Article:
The Mercator projection increases scale along with the latitude. Greenland seems larger than Australia, when in fact it is much smaller. The equal-area projections however stretch shapes away from the Equator. I suppose that there exist no projection that preserves size and shape at the same time. But for the purpose of comparing countries it is in fact not needed to preserve any properties exactly. The distortions should be only roughly the same in any point of the map. What is the map projection that accomplishes it most closely?

Comparison between Greenland and Australia


2 Answers 2


Projections are like pushing string. As you try to preserve one aspect, you get distortions in some other parameter (e.g. distance or bearing). To preserve both shape and area you may need to consider an interrupted projection like Goodes Homolosine or the off-beat Buckminster-Fuller 'Dymaxion' projection. In these projections, the distortions are present but minimised because the interruptions effectively 'reset' the projection. However, you lose sensible bearings and distances with these projections so they would be useless for navigation.

Because you mention Australia and Greenland in the same breath, the presumption in your question is that you want a global projection. Local projections are best for locally preserving area and shape simultaneously of course... and there are a tediously huge number of these!

Just to be pedantic, a globe probably is a projection because globes tend to be perfectly spherical unlike the Earth... but that's getting into the realms of arguing about how many fairies could dance on the head of a pin :)

  • Interrupted projections are ok as I only want to compare countries visually. The question that remains is which one gives the most uniform distortions. I think that in terms of mathematics we should be looking for a projection that maps a sphere onto a solid figure with the lowest standard deviation of an error.
    – crenate
    Mar 5, 2012 at 12:46
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    Mithy, you can bring the SD of the error arbitrarily close to zero by interrupting the map along lots of lines. Think of peeling an orange into segments: when the segments are narrow, there is little distortion. Although the cuts across segments introduce "infinite" terms into the SD, because the cuts have measure zero, they don't affect the SD (averaged over all points of the globe). Thus, you need to be more careful about your criteria for a good projection.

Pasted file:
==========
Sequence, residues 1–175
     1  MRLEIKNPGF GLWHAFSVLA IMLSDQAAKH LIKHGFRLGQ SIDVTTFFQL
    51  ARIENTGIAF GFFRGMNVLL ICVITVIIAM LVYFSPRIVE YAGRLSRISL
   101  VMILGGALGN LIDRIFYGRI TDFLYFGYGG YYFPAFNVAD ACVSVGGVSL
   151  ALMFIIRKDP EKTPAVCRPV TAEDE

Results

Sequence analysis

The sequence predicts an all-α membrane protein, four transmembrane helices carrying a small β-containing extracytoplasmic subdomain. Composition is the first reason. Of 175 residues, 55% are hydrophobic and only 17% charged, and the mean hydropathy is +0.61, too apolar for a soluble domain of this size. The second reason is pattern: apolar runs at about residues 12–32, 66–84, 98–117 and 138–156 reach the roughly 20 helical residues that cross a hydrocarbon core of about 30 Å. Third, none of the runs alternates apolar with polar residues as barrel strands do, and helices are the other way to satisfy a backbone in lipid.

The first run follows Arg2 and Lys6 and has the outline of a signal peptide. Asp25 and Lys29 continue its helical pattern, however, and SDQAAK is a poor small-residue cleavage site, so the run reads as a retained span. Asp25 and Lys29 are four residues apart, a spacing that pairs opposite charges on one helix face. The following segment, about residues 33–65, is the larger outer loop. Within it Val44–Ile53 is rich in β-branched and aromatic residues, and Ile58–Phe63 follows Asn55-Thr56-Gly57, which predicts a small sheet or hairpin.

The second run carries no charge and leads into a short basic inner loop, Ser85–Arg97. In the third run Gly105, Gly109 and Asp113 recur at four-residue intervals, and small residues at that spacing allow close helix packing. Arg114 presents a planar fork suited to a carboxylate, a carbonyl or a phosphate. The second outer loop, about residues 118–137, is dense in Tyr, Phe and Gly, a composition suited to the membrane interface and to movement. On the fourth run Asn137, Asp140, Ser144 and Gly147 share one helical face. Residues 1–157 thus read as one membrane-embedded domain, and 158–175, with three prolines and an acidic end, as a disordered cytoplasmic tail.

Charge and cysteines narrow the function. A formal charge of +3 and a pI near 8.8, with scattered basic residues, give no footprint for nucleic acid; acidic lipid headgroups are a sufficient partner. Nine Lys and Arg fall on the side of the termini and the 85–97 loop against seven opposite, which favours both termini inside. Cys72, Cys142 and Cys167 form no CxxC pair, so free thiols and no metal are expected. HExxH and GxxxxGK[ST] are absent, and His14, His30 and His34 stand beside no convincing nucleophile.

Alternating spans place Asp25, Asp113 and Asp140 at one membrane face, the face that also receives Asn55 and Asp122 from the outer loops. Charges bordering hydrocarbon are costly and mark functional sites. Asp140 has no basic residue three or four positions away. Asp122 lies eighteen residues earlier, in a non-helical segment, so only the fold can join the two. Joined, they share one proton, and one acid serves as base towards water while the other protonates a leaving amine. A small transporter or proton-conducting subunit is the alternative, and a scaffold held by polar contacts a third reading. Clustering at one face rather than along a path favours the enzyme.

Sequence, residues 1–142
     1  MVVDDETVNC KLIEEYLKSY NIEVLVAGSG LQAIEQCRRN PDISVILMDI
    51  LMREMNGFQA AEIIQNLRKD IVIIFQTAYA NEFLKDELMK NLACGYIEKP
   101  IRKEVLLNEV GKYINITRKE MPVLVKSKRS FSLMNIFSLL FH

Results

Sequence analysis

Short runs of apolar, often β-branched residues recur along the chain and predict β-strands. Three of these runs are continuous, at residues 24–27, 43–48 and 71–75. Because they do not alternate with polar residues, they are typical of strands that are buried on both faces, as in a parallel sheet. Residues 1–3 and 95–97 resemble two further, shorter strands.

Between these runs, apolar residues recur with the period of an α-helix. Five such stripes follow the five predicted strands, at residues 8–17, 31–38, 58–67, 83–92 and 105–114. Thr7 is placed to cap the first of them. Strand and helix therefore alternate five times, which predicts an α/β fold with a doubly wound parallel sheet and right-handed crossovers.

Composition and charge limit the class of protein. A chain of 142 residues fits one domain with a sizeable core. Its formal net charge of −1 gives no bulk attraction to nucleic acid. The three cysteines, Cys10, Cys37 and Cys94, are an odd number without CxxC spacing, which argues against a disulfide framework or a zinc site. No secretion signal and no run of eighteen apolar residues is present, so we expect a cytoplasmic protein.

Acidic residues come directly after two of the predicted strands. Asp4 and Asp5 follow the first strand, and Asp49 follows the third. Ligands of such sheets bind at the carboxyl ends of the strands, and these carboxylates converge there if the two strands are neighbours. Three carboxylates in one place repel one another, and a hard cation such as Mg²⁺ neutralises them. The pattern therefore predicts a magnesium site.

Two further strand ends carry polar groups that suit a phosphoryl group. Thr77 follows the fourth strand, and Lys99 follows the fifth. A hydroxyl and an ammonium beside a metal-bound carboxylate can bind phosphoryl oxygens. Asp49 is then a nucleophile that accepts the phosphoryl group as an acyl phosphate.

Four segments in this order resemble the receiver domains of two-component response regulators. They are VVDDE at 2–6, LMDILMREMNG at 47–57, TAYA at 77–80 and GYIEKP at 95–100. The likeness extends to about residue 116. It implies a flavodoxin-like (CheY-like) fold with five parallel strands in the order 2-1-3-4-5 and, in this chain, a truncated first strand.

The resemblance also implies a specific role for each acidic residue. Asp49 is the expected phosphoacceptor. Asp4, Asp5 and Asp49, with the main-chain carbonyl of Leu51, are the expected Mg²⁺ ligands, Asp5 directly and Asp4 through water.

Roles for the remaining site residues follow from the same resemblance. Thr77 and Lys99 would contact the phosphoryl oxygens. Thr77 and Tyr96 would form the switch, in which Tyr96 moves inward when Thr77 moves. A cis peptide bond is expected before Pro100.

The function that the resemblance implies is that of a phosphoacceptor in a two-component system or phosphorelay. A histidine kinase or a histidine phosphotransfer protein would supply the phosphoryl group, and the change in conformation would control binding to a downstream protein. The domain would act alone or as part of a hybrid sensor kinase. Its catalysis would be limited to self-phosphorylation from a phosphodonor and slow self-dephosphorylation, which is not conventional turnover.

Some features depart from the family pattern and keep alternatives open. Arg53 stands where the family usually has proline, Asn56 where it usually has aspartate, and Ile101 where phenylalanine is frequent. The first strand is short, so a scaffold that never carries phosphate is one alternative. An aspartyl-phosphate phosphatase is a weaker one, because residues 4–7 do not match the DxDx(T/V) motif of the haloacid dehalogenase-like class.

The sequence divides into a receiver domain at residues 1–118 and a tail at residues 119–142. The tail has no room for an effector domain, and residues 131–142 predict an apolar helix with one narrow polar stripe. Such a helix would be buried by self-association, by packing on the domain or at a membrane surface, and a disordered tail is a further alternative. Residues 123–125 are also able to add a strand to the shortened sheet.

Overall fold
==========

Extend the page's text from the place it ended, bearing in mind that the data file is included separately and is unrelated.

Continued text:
– whuber
    Mar 5, 2012 at 17:50
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    +1 You're quite right; mathematically, mapping the earth onto a globe is a projection. But (outside of mathematics) the term "projection" is usually reserved for projections onto developable surfaces: that is, flat map sheets.
    – whuber
    Mar 5, 2012 at 17:52
  • Exactly, hence the pedantry alert :). <Pedantry Alert #2> By 'flat' I presume you mean after unwrapping from some other shape such as a cone, cylinder, icosahedron etc. because projections to flat surfaces are less common than projections to an 'easily unwrapped' 3D shape, like the cone and cylinder especially.</Pedantry Alert #2> Mar 6, 2012 at 10:07
  • @whuber yes you are right, but if you cut the map too much you won't be able to compare much :). I think I outlined pretty precisely what I want to achieve.
    – crenate
    Mar 6, 2012 at 12:17

The best projection that does not distort is a globe. All the others are compromises to project the objects onto a piece of paper. The attempt to do that "projection" distorts something. It can distort distance, angles, shapes, area. Some of these properties are preserved by various projections. But no projection can preserve them all.

If you want to compare country size use a globe, or even better, use a table

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    The globe is not a projection.
    – R.K.
    Mar 4, 2012 at 7:56
  • In light of comments the OP makes to another reply, a globe is looking more and more like the best solution: distortion is roughly the same everywhere and it can be "bought in a shop" :-).
    – whuber
    Mar 6, 2012 at 16:55

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